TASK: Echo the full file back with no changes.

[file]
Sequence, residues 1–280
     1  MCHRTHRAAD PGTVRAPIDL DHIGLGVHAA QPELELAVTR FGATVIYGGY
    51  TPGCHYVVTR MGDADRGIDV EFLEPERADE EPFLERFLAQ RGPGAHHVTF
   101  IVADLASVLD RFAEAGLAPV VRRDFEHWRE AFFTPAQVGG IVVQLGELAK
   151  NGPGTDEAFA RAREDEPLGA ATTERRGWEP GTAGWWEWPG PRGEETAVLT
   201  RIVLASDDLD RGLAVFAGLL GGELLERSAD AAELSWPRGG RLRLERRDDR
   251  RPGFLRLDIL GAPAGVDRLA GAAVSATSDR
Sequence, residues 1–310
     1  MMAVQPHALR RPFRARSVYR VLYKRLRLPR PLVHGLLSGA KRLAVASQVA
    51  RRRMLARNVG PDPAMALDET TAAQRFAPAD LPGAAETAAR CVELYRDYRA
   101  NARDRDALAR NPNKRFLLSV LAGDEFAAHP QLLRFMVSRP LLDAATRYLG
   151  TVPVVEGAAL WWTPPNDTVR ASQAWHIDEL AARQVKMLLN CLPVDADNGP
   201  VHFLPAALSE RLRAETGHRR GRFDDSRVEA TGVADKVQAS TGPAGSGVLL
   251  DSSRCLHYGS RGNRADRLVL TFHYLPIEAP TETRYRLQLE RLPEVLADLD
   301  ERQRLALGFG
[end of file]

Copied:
Sequence, residues 1–280
     1  MCHRTHRAAD PGTVRAPIDL DHIGLGVHAA QPELELAVTR FGATVIYGGY
    51  TPGCHYVVTR MGDADRGIDV EFLEPERADE EPFLERFLAQ RGPGAHHVTF
   101  IVADLASVLD RFAEAGLAPV VRRDFEHWRE AFFTPAQVGG IVVQLGELAK
   151  NGPGTDEAFA RAREDEPLGA ATTERRGWEP GTAGWWEWPG PRGEETAVLT
   201  RIVLASDDLD RGLAVFAGLL GGELLERSAD AAELSWPRGG RLRLERRDDR
   251  RPGFLRLDIL GAPAGVDRLA GAAVSATSDR
Sequence, residues 1–310
     1  MMAVQPHALR RPFRARSVYR VLYKRLRLPR PLVHGLLSGA KRLAVASQVA
    51  RRRMLARNVG PDPAMALDET TAAQRFAPAD LPGAAETAAR CVELYRDYRA
   101  NARDRDALAR NPNKRFLLSV LAGDEFAAHP QLLRFMVSRP LLDAATRYLG
   151  TVPVVEGAAL WWTPPNDTVR ASQAWHIDEL AARQVKMLLN CLPVDADNGP
   201  VHFLPAALSE RLRAETGHRR GRFDDSRVEA TGVADKVQAS TGPAGSGVLL
   251  DSSRCLHYGS RGNRADRLVL TFHYLPIEAP TETRYRLQLE RLPEVLADLD
   301  ERQRLALGFG